“With the usual reservations, it seems to indicate that Oussama Atar is dead and, importantly, that the judicial investigation continues. It is essential to continue to try to shed light on this dark affair.”
Georges Dallemagne — Belgian Federal representative (February 28, 2018)
“If not for the request by different organizations … Oussama Atar would still be in Iraqi prison.”
Jawad Al-Hindawi — Iraqi Ambassador to Belgium
Brussels March 22 2019 — The attack at the Maelbeek metro station caused 16 deaths, leaving more than one hundred people injured. It followed the initial salvo of fatal explosions, which took place at Brussels Airport in Zaventem. Follow us on Twitter: @Intel_Today
RELATED POST: Paris attacks — Belgium formally charges Yassine Atar
RELATED POST: Welcome to Belgistan! [Is Belgium a Failed State?]
UPDATE — On November 7 2018, French news website, Mediapart, citing France’s General Directorate of External Security, confirms that Oussama Atar was killed by an airstrike by the international anti-jihadist coalition in Syria.
“On November 17th, 2017, a strike by the international coalition in Syria killed the Belgian Oussama Atar.”
Its statement follows the opening of an investigation, which has revealed that the seven people, believed to be the masterminds of the Paris and Brussels attacks, have all been killed in Syria.
The Belgian Federal Prosecution Service did not wish to comment upon the information.
So, Atar is dead, but many questions regarding his activities in Belgium remain unexplained.
END of UPDATE
In total these attacks, claimed to be carried out by the jihadist organisation Islamic State, caused 32 deaths with 324 people injured to varying degrees.
Still No Answers to Key Questions
Today, there is no longer any doubt that Oussama Atar — a Belgian of Moroccan descent — was mastermind of the Paris and Brussels attacks.
On February 23 2018, French media reported that Oussama Atar was dead. He would have been killed “a few weeks ago” somewhere in the “Syria-Iraq” area. His body was not recovered — no DNA — but French Intelligence services believe that he was killed.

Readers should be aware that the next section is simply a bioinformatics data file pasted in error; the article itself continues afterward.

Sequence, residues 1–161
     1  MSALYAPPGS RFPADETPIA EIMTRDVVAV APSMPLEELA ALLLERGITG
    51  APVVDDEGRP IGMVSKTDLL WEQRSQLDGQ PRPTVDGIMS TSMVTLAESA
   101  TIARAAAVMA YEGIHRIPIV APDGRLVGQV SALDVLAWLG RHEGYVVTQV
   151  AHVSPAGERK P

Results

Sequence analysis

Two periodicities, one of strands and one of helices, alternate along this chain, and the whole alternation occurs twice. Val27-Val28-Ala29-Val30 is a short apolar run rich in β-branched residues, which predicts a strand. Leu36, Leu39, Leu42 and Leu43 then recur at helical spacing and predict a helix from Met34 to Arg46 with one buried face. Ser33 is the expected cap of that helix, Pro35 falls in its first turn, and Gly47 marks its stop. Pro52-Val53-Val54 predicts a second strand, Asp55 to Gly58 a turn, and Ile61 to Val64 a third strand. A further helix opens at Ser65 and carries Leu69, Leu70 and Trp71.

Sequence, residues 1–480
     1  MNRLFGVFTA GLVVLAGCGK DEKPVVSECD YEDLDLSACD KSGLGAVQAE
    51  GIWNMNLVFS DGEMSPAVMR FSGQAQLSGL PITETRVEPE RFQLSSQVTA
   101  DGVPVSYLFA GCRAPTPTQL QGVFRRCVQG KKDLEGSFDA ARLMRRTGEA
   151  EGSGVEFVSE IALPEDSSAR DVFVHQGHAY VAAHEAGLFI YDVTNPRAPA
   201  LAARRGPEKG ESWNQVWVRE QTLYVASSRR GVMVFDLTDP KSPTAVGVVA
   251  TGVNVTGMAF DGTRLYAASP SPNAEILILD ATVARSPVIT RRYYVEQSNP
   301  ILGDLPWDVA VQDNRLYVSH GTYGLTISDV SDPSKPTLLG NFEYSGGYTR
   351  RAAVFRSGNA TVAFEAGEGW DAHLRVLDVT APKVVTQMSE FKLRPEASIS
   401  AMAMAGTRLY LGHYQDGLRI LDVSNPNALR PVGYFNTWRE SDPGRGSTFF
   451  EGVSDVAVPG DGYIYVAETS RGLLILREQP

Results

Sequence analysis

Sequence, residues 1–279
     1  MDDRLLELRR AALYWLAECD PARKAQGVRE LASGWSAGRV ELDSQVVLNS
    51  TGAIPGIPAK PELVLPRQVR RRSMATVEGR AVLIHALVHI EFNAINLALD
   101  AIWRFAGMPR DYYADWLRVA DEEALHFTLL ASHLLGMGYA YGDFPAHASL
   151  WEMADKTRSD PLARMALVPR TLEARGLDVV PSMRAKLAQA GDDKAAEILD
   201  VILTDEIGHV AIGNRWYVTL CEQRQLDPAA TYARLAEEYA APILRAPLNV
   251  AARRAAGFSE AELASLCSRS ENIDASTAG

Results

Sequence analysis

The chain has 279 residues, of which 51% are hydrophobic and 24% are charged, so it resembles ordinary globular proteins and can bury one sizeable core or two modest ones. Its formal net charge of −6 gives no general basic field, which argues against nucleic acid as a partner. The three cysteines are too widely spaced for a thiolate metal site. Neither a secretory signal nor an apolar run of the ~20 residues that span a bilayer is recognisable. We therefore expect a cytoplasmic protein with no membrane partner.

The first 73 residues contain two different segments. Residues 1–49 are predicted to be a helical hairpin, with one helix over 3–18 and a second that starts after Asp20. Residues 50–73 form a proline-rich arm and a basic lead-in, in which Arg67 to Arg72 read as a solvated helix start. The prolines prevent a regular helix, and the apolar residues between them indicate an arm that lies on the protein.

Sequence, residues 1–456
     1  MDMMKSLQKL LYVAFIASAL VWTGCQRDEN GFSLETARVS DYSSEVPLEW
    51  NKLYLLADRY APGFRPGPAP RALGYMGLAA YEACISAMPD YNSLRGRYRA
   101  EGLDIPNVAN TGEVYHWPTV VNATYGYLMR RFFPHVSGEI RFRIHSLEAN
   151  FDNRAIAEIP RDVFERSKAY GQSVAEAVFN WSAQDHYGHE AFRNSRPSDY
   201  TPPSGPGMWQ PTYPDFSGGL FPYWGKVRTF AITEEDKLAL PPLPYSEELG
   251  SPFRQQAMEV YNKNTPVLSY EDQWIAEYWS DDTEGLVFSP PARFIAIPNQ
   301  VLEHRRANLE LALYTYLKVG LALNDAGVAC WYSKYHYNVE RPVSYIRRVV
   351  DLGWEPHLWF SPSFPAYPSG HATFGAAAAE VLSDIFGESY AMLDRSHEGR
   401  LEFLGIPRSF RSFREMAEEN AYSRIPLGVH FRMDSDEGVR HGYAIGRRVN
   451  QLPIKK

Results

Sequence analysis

According to an official letter, the Iraqis (Read: “the Americans”) had released Atar on two conditions. First, Atar would not be allowed to travel, and thus the Belgian Foreign Ministry would not give him a passport. Second, his activities would be monitored.
Even though Atar’s name was on the Belgian foreign fighters list, he visited his cousins — the El Bakraoui brothers, who had been arrested for criminal activity — at two separate prisons on the outskirts of Brussels more than 20 times. These two cousins are two of the suicide-bombers who later carried out the Brussels attacks.
The Belgian Foreign Ministry did immediately issue a passport to Ousama Atar after his release from an Iraqi jail. The reasons for this remain a mystery to this day.
And Two Additional Mysteries
In May 2006, the CIA informed the Belgian Intelligence Services that Oussama Atar was jailed at Cropper Camp in Iraq. Why on earth would the CIA even care? Why such a totally unusual procedure?
If senator Georges Dallemagne — or anyone else — wants to know the truth, I suggest to pull at that thread.
And, by the way, you may also wonder why the main Belgian Telecom operator — PROXIMUS — was unable to cope with the heavy traffic on that day? Officially, the CEO of that company told a Parliament Commission that an environmental law limiting the power of GSM antennas was to be blamed for the lack of capacity.